Everything I Never Told You – Discussion Questions (spoiler alert)

July/August 2015

July/August 2015

Let’s begin at the beginning.

As the book begins we are aware that “Lydia is dead. But they don’t know this yet . . .”

The novel begins by telling this.  Did revealing this information right away influence the way you read the novel?  

Some have said that they expected the novel to be more of a mystery. The novel is many things but I wouldn’t consider it a mystery.   Was this what you expected?  Were you disappointed?

It is revealed at the end of the book what actually did happen to Lydia but I won’t reveal that right now because I fear that many have not reached that point yet.  I will revisit this later on but I’d like you to ponder these questions. As you delve into the story do you find it important to actually find out what happened to her?  If it is revealed to her family do you think it would allay or worsen their grief?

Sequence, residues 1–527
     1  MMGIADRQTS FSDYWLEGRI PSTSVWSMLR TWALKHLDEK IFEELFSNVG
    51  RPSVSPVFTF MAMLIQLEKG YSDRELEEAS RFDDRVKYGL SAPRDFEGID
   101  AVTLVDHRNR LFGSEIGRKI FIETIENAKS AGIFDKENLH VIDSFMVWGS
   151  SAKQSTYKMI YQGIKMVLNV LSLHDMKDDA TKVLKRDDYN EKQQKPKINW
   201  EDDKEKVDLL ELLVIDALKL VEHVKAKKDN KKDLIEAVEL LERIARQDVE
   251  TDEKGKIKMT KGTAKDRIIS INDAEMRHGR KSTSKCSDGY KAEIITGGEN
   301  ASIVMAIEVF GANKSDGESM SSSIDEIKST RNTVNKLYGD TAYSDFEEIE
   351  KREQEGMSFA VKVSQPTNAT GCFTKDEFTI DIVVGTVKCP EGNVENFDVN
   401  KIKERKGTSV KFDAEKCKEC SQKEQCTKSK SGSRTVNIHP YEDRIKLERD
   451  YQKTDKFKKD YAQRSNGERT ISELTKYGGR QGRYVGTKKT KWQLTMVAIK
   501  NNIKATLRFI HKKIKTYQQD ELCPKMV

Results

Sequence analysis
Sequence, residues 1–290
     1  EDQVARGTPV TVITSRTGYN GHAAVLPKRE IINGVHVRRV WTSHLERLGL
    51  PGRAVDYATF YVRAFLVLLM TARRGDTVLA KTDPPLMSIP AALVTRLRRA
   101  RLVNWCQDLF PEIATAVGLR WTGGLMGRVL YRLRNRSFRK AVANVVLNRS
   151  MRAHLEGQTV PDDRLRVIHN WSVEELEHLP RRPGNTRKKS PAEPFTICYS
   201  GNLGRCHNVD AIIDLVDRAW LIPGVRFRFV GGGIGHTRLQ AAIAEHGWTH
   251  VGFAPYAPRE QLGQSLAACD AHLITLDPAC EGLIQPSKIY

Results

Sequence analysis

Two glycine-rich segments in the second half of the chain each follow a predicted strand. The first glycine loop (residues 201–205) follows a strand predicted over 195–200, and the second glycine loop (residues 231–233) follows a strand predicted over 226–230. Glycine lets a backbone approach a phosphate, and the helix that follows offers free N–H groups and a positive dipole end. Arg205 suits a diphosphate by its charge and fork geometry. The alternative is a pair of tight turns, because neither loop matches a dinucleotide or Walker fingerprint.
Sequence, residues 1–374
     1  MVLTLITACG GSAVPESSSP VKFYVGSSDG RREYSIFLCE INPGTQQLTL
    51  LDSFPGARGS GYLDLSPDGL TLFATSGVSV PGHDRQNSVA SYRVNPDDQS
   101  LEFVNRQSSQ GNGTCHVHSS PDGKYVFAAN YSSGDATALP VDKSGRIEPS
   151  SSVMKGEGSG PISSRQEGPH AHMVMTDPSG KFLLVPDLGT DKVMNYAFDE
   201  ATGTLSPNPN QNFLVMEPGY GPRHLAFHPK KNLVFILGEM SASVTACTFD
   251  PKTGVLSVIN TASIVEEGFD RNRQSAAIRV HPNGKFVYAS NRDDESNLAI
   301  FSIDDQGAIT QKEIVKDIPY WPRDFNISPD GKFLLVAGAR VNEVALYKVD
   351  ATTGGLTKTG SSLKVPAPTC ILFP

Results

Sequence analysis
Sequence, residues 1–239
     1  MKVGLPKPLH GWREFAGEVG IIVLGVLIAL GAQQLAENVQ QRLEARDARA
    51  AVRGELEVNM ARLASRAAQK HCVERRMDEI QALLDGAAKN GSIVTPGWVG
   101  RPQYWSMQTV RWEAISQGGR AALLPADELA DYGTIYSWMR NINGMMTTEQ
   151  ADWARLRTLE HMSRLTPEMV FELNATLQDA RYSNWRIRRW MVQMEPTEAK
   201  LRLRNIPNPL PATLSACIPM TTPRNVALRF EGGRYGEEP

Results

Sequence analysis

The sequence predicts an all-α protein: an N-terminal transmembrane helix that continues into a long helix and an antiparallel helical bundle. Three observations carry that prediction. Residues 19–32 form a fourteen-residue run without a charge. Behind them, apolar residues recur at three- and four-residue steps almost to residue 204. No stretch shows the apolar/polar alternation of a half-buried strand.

More to come!  If you haven’t picked up a book yet give us a call and we can put it on reserve for you.

Julia Dahl – Invisible City

Our globetrotting literary tour continues.

We’ve gone from Alaska back to the East Coast – Brooklyn to be specific.  It’s nice tmaps_borough_park_o know that all it will take to get from there to here is a trip on mass transit – no I don’t recommend the BQE I have been in the most horrific traffic going through and to Brooklyn.

juliadahlBefore we get to know the characters I always like to introduce you to their creator. Our next author is Julia Dahl – this time in her own words.